A savory synthesis

“Coming here is like coming home,” reads the T-shirt worn by servers at Yossi’s, a 48-seat restaurant featuring — apparently a first for metro Detroit — Israeli food.

On one level, the slogan means that Yossi and Lisette Benyamin want everyone to feel at home in their restaurant. On another, the slogan echoes their feelings when they emigrated from the Netherlands four years ago with their young sons, Dean and Jeremy.

In the Dutch city they left, Nijmegen, the Jewish population consisted of 50 families. For the boys, it meant growing up as outsiders. When the family moved to Oakland County, they found a welcoming community. Lisette took Dean to see his new school (Hillel, a private Jewish school in Farmington Hills); the then 6-year-old boy was astonished by the open display of Jewish symbols. “Mama, those letters are our letters,” he said, pointing to the Hebrew letters on the wall. It was a degree of comfort they hadn’t felt in Holland.

At Yossi’s, much of the menu is similar to what you might find in an Arab restaurant — kebabs, hummus, shawarma, tabbouleh, baba ghanoush, fattoush. In this category, almost everything we tried was made very well. The ground-beef kebab was robustly seasoned, juicy and delicious. Likewise, chicken shish kebab featured marinated chunks of chicken breast that were grilled and wonderfully moist on the inside. The fattoush was disappointing — the salad contained no parsley or scallions and way too many pickled carrots. And don’t bother choosing the “steamed vegetables” instead of fries or rice; they’re overcooked string beans.

How does Israeli food differ from Middle Eastern? Both Lisette and Yossi say the differences are both subtle and substantial. Dishes with the same names may be seasoned differently or prepared differently. Yossi, who was born in Israel, says Israeli food doesn’t use lemon juice as heavily, for example, as the same dishes made in Lebanon. Israeli cuisine also incorporates influences from Morocco, with its emphasis on spices and slow cooking. Couscous, another Moroccan staple, appears in two of the entrées. Israeli falafel contains only chick peas, not fava beans or a mix of the two. Yossi’s falafel is light and crisp.

And Israeli cuisine draws from Ashkenazi (Eastern European) Jews who brought their traditions as they immigrated to Israel. Schnitzel is one example; it’s made by pounding chicken breasts flat, dusting with flour, dipping in eggs and then breadcrumbs. Yossi says he gets the light, crisp taste by using crushed corn flakes instead of bread. He suggests eating it with shug, a Yemeni hot sauce made with cilantro and jalapeno peppers.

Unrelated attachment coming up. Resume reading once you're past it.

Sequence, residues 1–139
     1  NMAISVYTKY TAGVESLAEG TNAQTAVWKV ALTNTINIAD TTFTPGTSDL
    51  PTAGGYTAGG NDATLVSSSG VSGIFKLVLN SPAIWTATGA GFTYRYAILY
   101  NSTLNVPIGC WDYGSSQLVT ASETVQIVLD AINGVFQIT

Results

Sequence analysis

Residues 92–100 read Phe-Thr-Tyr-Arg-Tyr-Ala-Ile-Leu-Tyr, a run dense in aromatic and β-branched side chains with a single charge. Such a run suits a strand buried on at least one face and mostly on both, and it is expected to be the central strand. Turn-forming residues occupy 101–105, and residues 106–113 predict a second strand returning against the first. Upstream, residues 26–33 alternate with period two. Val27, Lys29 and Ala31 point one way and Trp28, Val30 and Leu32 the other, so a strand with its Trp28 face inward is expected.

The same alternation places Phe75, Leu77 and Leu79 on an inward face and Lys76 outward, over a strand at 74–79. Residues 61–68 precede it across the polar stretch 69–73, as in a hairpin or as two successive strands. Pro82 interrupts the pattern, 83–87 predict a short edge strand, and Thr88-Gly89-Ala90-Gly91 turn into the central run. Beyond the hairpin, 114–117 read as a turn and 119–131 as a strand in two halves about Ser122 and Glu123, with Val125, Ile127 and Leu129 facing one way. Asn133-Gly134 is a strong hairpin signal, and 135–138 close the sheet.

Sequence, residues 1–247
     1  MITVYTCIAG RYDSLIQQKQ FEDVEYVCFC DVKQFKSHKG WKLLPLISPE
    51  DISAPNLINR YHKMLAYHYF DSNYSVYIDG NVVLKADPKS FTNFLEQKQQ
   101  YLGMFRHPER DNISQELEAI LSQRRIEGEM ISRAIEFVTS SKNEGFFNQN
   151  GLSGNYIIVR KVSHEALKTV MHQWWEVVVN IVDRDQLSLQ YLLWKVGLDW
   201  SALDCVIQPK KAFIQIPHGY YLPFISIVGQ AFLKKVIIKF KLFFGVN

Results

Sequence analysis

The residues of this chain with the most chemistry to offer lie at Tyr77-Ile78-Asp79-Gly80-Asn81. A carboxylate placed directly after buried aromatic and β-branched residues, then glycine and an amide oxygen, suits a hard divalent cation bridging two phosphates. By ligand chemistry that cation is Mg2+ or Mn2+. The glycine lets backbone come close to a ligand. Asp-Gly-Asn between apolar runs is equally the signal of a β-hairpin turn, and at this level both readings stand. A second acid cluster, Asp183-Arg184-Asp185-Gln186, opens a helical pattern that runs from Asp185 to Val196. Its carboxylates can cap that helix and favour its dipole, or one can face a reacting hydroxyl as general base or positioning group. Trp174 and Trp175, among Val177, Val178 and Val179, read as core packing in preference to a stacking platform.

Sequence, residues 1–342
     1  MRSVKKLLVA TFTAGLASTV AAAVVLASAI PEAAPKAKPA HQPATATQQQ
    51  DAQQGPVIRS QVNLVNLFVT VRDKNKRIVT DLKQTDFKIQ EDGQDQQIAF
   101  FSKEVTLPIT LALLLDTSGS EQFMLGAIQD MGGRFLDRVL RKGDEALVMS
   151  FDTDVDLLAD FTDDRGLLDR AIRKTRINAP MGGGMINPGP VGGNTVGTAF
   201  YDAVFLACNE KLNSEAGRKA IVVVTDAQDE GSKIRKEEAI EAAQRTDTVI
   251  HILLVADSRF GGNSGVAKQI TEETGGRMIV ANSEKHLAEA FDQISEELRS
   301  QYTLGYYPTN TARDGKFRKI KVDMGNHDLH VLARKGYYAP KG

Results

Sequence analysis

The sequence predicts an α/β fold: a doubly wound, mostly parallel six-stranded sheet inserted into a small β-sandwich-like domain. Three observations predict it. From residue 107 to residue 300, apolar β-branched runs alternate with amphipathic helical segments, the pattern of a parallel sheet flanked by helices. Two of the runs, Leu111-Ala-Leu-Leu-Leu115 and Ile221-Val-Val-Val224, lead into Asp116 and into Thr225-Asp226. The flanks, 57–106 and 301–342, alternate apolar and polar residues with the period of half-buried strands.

There are several items that don’t usually appear on Middle Eastern menus. Matbucha is a light appetizer made of freshly chopped tomatoes, peppers, onions and spices. The vegetables are cooked together, but briefly, not long enough to turn the mixture into spaghetti sauce. It’s delicious on the freshly baked, hot, thick pita bread.

Another terrific appetizer is eggplant cooked with peppers, onions and spices, and topped with a simple but intense tomato sauce.

Lunch at $6.50 is deal. You’ll have a choice of a pita wrap with soup or salad, or an entrée with a side of hummus, baba ghanoush, matbucha or eggplant.

Yossi’s is very veg-friendly. All of the appetizers are vegetarian, as are four entrées. Both the lentil and vegetable soups are made without meat stock.

For dessert, Lisette’s Dutch heritage makes an appearance. A family recipe for pancakes can be made with apples or bananas. The pancake is like a crêpe — thin and unleavened. The apples are peeled and cut thin, fried until they begin to caramelize, then covered with batter. It’s a fine combination of textures and flavors, with the pancakes fried crisp then dusted with powdered sugar and drizzled with maple syrup.

Other nice touches: Turkish coffee. Hot tea served with fresh mint. Most times, either Yossi or Lisette are at the restaurant. Customers are greeted warmly and thanked as they leave. One night we happened to come in at the tail end of a music performance (which may become a monthly event). But we ate a leisurely dinner and never felt rushed.

Yossi’s is open every day but Sunday. A word to the wise: The first two weeks of October include two important Jewish holidays; call to verify hours.

Elissa Karg dines for Metro Times. E-mail [email protected].

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